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Getting your boat licence in Australia


Australia is a country of water-lovers. We have one of the highest rates of boat ownership in the world, and there are thousands of kilometres of coastline, rivers and waterways to explore.

While there are options to get on the water without needing a boat licence, getting your recreational licence is a great way to expand your options and open up new ways of getting around. Whether you're going fishing, exploring one of the many rivers, lakes or creeks, or just cruising with a picnic, having your boat licence is the best way to enjoy your time on the water safely.

The rules and requirements for each state are different, so we've pulled together all you need to know about getting your boat licence in Australia.

What boat licence do I need?

All states in Australia require a recreational boating licence to operate a vessel over a certain power threshold. In some states this is based on the capacity of the motor (eg. for boats with a motor over 4.5kw), while in other states it is based on the speed of the vessel (eg. when travelling faster than 10 knots).

If you want to drive a personal watercraft (PWC, also known as a jetski), you'll need an additional licence or authorisation added to your boat licence. In most states you can get these at the same time, but you can't get a PWC licence on its own.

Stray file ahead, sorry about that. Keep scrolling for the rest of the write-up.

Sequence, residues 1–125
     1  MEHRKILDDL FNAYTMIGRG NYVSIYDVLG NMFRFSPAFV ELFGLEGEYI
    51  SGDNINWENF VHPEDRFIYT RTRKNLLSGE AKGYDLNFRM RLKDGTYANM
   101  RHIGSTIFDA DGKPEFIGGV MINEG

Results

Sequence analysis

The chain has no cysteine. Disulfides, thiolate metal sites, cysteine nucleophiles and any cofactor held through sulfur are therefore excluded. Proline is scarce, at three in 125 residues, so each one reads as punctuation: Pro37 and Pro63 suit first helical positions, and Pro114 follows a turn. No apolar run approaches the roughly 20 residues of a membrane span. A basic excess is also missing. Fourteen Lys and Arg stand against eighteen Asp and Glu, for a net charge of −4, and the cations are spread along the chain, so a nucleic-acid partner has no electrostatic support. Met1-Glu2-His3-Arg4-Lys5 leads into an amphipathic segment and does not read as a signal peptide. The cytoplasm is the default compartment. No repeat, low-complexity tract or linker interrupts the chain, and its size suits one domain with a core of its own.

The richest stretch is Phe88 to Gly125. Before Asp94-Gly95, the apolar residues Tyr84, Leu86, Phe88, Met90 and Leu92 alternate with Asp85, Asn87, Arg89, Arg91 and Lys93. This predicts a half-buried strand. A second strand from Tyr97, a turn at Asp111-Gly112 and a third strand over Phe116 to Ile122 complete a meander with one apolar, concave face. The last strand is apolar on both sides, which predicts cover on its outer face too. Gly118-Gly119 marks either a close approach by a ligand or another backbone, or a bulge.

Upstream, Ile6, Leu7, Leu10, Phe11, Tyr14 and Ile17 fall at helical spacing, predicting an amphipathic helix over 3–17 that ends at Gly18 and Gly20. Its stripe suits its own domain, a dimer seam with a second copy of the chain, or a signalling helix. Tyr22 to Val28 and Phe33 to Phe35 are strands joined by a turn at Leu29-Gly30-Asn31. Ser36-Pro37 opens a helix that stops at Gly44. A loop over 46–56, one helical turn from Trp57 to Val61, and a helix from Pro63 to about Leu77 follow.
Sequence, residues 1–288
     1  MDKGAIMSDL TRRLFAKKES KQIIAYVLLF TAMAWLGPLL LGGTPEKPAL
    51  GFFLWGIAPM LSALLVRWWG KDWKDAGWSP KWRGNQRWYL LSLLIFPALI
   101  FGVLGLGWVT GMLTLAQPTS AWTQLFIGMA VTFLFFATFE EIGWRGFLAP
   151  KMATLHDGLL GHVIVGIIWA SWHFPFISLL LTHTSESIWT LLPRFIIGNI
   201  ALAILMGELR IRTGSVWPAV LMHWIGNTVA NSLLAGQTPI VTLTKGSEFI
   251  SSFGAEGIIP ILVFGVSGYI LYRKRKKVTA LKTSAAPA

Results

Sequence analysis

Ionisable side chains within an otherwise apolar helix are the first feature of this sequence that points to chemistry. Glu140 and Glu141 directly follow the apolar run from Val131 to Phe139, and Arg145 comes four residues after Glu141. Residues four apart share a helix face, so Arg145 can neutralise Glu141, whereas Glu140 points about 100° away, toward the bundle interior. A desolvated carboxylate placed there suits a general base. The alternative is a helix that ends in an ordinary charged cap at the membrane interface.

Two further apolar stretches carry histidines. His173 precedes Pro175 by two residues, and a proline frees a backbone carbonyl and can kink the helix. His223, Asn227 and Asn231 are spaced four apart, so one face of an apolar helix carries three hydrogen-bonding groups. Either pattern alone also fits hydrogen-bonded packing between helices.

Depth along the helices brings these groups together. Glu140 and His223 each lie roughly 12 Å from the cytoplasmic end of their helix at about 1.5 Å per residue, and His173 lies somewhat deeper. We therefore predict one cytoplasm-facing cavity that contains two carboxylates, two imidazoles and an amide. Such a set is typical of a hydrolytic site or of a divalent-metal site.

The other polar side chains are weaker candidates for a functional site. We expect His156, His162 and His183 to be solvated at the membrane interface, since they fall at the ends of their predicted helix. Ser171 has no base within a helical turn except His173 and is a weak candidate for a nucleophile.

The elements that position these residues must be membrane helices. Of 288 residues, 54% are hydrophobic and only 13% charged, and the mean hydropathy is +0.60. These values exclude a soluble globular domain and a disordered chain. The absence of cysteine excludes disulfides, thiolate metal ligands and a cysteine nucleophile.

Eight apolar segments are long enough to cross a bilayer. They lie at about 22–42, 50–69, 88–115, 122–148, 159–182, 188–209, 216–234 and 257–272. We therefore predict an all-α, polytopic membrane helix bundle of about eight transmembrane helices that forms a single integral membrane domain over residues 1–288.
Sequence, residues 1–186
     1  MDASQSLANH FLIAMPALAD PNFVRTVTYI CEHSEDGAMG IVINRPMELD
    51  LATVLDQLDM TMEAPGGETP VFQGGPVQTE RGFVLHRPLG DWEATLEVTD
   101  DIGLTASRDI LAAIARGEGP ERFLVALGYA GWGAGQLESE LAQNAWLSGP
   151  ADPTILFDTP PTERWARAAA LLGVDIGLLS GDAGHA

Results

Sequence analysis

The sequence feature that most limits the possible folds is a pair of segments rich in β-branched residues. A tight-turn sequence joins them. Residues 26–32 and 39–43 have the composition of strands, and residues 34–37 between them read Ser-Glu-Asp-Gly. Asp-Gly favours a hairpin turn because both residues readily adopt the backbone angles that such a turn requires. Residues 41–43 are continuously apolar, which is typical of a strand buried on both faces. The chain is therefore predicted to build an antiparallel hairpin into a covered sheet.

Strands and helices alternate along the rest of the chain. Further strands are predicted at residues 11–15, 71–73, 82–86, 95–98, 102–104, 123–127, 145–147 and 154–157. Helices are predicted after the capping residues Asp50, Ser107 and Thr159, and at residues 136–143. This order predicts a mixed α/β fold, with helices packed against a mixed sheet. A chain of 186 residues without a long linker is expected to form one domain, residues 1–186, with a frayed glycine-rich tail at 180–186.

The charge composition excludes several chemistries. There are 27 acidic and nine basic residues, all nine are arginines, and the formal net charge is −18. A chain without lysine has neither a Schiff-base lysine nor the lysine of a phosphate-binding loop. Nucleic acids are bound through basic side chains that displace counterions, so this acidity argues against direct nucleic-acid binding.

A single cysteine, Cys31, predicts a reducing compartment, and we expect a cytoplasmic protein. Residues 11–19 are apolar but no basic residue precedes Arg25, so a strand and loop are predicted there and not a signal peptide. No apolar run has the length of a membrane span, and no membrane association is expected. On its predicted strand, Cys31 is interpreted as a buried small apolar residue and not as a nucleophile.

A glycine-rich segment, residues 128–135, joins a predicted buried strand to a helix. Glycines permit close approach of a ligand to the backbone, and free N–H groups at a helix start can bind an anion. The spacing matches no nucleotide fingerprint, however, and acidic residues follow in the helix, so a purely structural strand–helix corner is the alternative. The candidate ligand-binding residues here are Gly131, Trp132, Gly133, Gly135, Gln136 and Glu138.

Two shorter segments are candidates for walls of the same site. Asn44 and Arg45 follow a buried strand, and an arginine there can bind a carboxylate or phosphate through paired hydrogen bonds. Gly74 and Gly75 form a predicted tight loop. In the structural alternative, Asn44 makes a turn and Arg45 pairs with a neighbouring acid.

How do I get a boat licence?

The process for getting your licence varies from state to state. Most states require some form of written test to make sure you understand the 'rules of the road'. Some states also require you to undertake a practical training course, or demonstrate practical boating experience.

Check your state below to find a step by step guide and links to relevant authorities.


How do I choose a boat licence course?

Many states require or recommend that you undertake a training course with an authorised training provider.

There are lots of benefits to taking a course, even if it is not required where you live. These courses help prepare you for getting out on the water, including in emergency situations. They can also help you understand factors that influence your boating experience, like tides and weather.

When choosing a course, first check your state or territory website to see if they have a list of authorised providers. There may be lots to choose from, but don't be overwhelmed!

Next, check what is included in the courses on offer. Some bundle a theory course with practical training sessions, others are separated so you can set your own pace. Some theory courses are also delivered in person, and others offer online e-learning.

Remember to check if there is any expiry on the course completion, some will require you to complete the process of applying for you licence with the state or territory authority within 3-6 months.

DISCLAIMER: All information on this page is correct at the time of publication. Always check with the relevant state or territory authorities for up-to-date information.

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